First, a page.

Many of us view writing as a solitary activity, but sometimes we forget it’s also inherently social.Even if you’ve never shared your writing, you aren’t creating in isolation. We draw inspiration from our environments, life experiences, and interpersonal relationships. The books you’ve read, the hardships you’ve faced, and the meaningful conversations you’ve had show up in your characters and stories in some shape or form. And you might consider your intended audience and their reactions as you craft a scene. However, there’s only so much you can do on your own. As social beings, we need relationships to survive and thrive and the same goes for writing. If you want to elevate your work, you need to join a critique group.
Foster a sense of social support
We all know writing is hard work and a lonely endeavor. When you’re spending all those hours toiling alone at your desk, it’s easy to succumb to self-doubt and self-criticism. Simply having a space to chat with other writers can inspire us to write. It’s also enlightening to learn about other peoples’ approaches and reasons for writing. Voicing our bad habits and quirks can normalize an isolating experience and build a sense of belonging. For me, knowing other writers commonly struggle with procrastination helped me not judge myself as harshly when I wasn’t writing.
The foundation of a strong critique group are the relationships between members, so it’s important to find people who click with you. Sharing our writing is an act of vulnerability, so to get the most out of it we need to trust one another.
Learn the art of critiquing
If you are new to sharing your writing, critiquing can be scary. From a practical sense, you’ll not only learn how to help your fellow writers improve their work, you’ll develop a better eye for editing your own writing. From an emotional standpoint, it will teach you how to handle criticism — an important skill to have if you aspire to be published. Ideally, the group will have a standard process. This may mean bringing submissions to the meeting or sharing them in advance. In my group, we send out submissions a few days ahead of time, review them independently, and share our feedback in meetings. Reading in advance will give everyone more time to process and engage with each piece. It will also save time at meetings for in-depth discussions, and for members to ask questions and clarify any misunderstandings.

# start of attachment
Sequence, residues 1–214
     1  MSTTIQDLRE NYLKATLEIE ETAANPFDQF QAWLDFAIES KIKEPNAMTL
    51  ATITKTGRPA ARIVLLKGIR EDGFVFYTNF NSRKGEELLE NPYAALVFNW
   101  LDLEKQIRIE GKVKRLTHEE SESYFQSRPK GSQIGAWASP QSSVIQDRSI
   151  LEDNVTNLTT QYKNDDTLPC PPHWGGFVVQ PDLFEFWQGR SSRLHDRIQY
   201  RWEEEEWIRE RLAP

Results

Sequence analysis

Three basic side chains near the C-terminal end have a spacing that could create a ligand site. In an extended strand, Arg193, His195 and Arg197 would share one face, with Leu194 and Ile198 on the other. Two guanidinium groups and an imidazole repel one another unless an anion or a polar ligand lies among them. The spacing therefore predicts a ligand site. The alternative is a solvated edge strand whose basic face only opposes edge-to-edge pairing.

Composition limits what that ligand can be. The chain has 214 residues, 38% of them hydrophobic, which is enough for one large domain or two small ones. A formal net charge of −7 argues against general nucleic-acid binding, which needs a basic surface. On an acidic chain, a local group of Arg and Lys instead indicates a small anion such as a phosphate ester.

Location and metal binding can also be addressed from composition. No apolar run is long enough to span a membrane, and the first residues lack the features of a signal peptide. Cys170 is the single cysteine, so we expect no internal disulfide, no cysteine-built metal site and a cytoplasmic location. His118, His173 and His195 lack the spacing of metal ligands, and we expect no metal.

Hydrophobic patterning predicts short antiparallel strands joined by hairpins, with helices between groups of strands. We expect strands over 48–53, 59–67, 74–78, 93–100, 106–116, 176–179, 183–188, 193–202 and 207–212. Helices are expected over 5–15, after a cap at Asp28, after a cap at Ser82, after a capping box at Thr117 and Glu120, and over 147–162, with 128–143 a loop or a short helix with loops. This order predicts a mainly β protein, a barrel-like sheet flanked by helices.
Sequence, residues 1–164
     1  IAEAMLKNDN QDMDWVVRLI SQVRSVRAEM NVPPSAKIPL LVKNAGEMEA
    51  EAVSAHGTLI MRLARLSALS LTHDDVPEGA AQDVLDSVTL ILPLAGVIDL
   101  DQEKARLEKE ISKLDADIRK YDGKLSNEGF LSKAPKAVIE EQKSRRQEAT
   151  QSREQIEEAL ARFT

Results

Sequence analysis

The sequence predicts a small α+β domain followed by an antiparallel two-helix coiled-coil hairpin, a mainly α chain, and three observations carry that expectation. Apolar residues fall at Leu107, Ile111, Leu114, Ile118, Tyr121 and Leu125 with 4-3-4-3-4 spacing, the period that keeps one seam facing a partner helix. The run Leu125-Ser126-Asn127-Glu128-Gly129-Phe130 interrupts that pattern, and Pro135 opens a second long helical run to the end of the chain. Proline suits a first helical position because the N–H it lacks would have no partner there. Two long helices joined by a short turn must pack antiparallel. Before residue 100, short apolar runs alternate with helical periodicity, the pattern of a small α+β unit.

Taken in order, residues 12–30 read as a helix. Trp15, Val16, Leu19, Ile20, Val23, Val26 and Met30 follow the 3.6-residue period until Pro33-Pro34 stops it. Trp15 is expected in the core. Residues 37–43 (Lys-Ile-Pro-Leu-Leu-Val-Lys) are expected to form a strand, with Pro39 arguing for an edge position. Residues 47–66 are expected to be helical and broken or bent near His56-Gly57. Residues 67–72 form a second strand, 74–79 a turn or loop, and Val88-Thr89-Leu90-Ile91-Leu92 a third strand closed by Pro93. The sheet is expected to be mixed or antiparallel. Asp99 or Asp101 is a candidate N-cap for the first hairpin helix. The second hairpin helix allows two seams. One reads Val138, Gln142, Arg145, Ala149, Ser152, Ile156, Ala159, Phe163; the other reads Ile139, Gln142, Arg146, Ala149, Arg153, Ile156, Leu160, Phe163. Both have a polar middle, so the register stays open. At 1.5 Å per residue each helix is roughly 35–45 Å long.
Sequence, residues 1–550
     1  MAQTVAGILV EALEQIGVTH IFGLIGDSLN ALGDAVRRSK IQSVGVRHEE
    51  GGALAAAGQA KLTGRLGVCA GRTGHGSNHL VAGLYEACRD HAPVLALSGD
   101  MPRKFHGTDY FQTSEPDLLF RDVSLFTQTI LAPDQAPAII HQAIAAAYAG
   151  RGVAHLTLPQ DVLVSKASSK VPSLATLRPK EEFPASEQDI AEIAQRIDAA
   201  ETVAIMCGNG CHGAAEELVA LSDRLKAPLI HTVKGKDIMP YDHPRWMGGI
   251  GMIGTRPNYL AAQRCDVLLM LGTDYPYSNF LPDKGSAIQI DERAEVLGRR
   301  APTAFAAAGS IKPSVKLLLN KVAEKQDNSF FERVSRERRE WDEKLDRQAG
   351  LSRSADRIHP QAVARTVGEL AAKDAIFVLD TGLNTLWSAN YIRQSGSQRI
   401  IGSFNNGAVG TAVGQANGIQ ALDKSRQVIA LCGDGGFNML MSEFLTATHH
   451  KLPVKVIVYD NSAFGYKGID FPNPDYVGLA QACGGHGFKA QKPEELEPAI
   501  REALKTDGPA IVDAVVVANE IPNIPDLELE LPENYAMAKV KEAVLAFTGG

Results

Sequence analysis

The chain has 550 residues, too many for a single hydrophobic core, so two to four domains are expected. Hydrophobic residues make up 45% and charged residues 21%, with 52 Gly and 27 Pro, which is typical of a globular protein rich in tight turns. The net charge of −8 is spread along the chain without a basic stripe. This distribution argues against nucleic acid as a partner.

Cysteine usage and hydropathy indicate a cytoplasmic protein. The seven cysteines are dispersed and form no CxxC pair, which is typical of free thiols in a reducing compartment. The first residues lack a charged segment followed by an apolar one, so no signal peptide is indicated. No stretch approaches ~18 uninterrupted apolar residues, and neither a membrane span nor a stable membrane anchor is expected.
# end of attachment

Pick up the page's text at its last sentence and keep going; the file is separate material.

Holds you accountable
If you’ve been slogging through your novel and dreaming of publication, you’ve probably succumbed to procrastination. Having scheduled meetings means having a deadline and being held accountable. Knowing a handful of people are counting on you to share a chapter can give you an extra boost of motivation and transform your procrastination into progress. Meeting regularly (whether every month or every two weeks) forces you to create short term goals. For instance, if you’re working on a novel, you might prepare and submit a chapter at a time. And after a while, you’ll feel like you’re making progress rather than running in place.
Gain different perspectives
Regardless if members write in the same genre or not, having a diverse group means you’ll be exposed to a variety of perspectives— whether that’s a difference in writing experience or identities like age, race, gender, sexual orientation, and so on. Everyone has a unique perspective to offer, and their life experiences influence what they notice when they read. You might be writing a psychological thriller and a member who’s a therapist might give you insight on how make your protagonist more realistic rather than a Freudian caricature. Or you’ve set your story in a city you’ve never visited and a member who grew up there can fill you in with details you’d never find in a travel guide. Or if your book has a diverse cast, a member who’s a person of color might call you out to better portray your minority characters in a more nuanced way.
We all have insights to offer that go beyond knowledge of story arc and dialogue conventions. Bring your authentic self and lived experience to the group. You won’t know when it might come in handy. It’ll make you a better critique partner, fuel more honesty in your writing, and cultivate stronger relationships with your fellow writers.